Clarifying the Nature of Anxiety and Depression
We need a clear understanding of anxiety and depression.
Posted Mar 28, 2016
In a recent popular blog, I took the position that anxiety and depression should, first and foremost, be considered symptoms, not diseases. Not surprisingly, a number of commentators raised questions about this formulation. One stated they had had a “good life”, but nevertheless they were plagued with anxiety and depression since they were five years old. Given this, they wondered how I could claim it was not a disease. Another commentator was concerned that folks with depression will be disheartened reading the article because depression is not just an emotion and “research shows that patients with depression have different levels of neurotransmitters”. Another commentator pointed out that they were helped by medications, and wondered why I was against taking pills for the condition. These commentators are raising important points, and I take the opportunity here to address them.
Let me reiterate the most fundamental point about the blog and the one that our society needs to internalize. Depression and anxiety are negative emotional-mood states. Emotions send signals about our goals and they prepare us for action. Desire, joy and excitement are positive emotions that orient us and send signals that there are good things out there to be approached. In contrast, shame is the feeling we have when we are incompetent or inferior. Anger emerges when folks have violated our rights and interests. Fear and anxiety tell us that there are threats out there, and they prep us for defensive action. Depression is a state of shutdown that ensues when our course of action is not resulting in a productive return on our investment, and we are not getting our psychological needs met. Given this basic understanding we can call the "First Principle” about depression and anxiety is that they are negative emotions that serve as signals of threats or losses regarding core psychological needs in relationships (family, peers, partners, society and self) and/or competence and control and safety. As such, the fundamental point of the blog is that when someone is dealing with depression and anxiety, the first question we should be asking is: How are these feelings related to core human psychosocial needs for relationship, safety and purpose?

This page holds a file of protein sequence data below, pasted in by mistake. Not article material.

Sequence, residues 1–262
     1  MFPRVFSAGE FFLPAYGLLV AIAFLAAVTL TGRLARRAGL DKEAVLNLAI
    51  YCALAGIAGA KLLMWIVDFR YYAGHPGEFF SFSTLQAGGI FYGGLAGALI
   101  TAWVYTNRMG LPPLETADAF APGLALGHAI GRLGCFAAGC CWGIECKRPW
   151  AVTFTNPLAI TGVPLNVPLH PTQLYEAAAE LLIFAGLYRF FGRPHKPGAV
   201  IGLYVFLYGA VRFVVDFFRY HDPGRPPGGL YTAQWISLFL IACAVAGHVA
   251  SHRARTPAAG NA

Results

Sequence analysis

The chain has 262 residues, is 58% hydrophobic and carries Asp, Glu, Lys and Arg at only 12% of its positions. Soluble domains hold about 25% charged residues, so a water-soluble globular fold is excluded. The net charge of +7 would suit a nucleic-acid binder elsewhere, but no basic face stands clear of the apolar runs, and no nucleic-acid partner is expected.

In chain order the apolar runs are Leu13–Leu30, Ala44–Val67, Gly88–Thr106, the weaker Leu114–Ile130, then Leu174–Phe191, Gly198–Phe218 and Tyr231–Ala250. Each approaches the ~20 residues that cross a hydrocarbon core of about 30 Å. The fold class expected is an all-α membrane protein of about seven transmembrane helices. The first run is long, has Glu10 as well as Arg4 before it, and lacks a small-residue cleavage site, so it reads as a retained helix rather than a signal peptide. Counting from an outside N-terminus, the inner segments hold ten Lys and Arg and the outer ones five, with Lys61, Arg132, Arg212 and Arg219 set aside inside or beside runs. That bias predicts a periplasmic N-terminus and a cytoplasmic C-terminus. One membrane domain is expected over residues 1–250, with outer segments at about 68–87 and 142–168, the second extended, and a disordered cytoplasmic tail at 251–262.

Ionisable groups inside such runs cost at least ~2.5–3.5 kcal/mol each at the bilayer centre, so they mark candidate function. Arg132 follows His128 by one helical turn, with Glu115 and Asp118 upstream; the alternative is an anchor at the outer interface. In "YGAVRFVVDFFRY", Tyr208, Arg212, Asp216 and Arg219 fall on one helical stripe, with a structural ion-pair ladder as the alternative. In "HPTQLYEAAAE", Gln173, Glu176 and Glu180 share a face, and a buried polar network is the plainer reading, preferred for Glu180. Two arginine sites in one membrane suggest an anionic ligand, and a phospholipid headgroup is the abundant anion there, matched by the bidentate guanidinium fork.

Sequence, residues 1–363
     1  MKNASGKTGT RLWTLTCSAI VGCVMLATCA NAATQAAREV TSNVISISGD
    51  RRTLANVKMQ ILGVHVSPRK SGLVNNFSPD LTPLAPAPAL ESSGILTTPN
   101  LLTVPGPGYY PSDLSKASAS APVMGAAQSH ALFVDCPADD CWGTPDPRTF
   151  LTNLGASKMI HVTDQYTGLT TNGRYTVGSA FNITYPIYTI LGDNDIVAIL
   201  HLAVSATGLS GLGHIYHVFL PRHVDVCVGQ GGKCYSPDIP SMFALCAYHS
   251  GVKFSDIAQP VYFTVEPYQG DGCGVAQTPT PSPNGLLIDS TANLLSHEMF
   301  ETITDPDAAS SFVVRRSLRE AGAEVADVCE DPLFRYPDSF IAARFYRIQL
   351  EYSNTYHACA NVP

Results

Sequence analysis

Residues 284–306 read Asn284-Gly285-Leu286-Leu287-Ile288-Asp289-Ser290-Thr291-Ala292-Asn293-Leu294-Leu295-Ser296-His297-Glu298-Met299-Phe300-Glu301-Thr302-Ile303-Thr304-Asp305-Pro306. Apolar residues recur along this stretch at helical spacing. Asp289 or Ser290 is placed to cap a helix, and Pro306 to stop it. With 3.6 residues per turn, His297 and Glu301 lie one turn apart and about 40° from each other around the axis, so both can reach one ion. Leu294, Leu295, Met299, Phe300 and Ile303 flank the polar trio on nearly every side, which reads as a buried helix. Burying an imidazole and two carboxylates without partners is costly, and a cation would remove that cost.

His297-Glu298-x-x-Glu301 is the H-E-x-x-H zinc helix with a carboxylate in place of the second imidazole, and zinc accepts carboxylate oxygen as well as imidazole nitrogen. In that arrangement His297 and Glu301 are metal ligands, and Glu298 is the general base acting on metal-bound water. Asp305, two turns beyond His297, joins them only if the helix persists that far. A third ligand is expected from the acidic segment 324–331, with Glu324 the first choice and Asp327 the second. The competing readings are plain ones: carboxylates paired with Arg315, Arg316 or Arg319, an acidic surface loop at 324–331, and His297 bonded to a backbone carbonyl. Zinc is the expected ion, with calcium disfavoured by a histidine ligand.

After we have this ‘First Principle’ understanding, then we can start to explore ways in which depression and anxiety can themselves become problems, and here we can start to address some of the concerns of the commentators. Specifically, after we acknowledge the First Principle, we can proceed with additional understanding that allows us to adopt a reasonable mental health position on these conditions. Namely, with such an understanding, we can further articulate that: 1) there are definitely genetic and neurobiological elements that influence individual differences in the levels of depression and anxiety they experience; 2) there are many cases when levels of anxiety and depression do indeed contribute to mental health problems and thus provide an appropriate context for us to think about “anxiety and depressive disorders”; 3) there are RARE cases where we might want to use the label “depressive diseases”—I think we should refer to these as cases of melancholia and they are not the normal picture of what depression looks like in the general population; and 4) there are circumstances in which medication might be very appropriate to take the edge off of depressive or anxious symptoms. Let me clarify each of these points in a bit more depth.